How much junk food do you typically eat? Many of us would rather not know, but new research suggests it's probably more than you think. A study from The Ohio State University finds adults across the country average four meals a day and one of them is made up entirely of junk food.
“The magnitude of the impact isn’t realized until you actually look at it,” explains senior study author Christopher Taylor, professor of medical dietetics in the university’s School of Health and Rehabilitation Sciences. “Snacks are contributing a meal’s worth of intake to what we eat without it actually being a meal.”
Researchers surveyed nearly 24-thousand Americans over the age of 30 and found:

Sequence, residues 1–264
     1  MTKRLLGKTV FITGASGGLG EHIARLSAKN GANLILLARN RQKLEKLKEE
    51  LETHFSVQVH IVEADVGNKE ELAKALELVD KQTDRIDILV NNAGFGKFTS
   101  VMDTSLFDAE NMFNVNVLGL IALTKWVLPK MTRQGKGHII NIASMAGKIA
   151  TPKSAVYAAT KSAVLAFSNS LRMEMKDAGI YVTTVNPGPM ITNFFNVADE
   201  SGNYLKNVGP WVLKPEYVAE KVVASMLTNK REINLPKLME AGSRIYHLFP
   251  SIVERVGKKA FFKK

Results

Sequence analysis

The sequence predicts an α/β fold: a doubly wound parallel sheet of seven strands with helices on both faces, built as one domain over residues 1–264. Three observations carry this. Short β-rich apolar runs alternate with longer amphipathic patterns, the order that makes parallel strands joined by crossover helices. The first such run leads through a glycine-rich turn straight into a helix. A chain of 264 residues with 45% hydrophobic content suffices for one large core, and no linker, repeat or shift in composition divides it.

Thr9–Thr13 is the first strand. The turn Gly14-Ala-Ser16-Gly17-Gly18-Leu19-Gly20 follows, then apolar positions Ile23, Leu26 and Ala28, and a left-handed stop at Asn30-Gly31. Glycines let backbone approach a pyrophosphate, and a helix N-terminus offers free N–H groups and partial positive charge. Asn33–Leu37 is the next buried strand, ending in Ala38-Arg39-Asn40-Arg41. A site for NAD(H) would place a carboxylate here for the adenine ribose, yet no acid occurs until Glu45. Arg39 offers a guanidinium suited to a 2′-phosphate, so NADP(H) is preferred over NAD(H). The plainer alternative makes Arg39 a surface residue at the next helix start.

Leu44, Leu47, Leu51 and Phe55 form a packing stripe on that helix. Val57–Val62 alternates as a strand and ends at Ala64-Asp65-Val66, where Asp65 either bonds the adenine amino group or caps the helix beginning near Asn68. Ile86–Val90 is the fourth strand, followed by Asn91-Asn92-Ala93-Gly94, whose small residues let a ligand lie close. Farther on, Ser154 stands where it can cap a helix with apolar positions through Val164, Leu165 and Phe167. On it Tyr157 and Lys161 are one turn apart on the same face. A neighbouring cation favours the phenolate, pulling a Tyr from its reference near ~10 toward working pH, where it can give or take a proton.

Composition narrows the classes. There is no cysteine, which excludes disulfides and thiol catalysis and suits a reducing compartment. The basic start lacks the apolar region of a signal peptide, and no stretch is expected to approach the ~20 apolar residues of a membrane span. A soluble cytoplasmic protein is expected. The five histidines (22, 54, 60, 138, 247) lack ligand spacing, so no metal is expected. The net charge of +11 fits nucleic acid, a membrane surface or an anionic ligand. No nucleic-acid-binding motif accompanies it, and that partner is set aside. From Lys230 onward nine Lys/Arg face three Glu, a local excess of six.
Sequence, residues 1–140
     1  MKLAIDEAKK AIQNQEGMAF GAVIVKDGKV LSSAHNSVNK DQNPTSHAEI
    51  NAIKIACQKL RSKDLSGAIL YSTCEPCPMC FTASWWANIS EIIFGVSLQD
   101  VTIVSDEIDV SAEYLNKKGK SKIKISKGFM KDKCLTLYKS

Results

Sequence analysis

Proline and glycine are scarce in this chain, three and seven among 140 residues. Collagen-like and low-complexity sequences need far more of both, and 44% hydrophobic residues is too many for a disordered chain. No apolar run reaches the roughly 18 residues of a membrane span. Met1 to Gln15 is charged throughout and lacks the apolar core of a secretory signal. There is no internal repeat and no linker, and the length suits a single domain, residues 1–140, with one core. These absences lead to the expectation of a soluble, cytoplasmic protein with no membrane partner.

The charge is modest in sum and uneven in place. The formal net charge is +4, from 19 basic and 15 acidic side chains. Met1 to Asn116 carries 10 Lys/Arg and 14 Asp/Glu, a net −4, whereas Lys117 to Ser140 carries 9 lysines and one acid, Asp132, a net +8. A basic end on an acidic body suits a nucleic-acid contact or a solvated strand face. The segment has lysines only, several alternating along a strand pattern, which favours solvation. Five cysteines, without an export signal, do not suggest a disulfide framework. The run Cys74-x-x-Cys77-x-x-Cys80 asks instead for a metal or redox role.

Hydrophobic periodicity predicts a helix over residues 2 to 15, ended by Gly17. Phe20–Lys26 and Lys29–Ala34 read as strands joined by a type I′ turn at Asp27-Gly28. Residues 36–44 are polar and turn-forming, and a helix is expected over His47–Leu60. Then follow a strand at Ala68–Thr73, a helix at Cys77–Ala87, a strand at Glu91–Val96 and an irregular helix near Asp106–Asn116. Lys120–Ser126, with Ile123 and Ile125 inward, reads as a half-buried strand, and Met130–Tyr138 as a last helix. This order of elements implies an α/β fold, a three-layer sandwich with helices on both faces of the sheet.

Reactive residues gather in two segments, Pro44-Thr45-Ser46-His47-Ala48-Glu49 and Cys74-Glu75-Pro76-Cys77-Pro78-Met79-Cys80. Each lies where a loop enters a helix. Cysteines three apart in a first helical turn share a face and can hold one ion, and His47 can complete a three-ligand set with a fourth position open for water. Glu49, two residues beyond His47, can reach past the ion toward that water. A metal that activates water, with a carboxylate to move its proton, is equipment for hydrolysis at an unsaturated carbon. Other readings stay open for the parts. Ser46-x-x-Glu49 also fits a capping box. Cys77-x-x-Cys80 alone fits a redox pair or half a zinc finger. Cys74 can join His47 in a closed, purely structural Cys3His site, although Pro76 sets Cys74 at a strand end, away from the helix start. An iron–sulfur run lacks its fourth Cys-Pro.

- People average between 400 and 500 calories a day in snacks. That’s often more than the calories they eat for breakfast, plus the snacks offer little nutritional value.
- These snacks make up almost a quarter of their daily calorie intake, as well as about a third of their daily added sugar.
- According to the study, junk food accounts for between 19.5% and 22.4% of their total energy intake for the day, but doesn’t add much nutritional quality.
- While some of the study participants claim to snack on fruits, grains and vegetables, they make up a really small percentage.
- To improve our snack habits, Taylor recommends looking at the day’s total dietary picture and seeing where snacks can fill nutritional needs.
Source: NY Post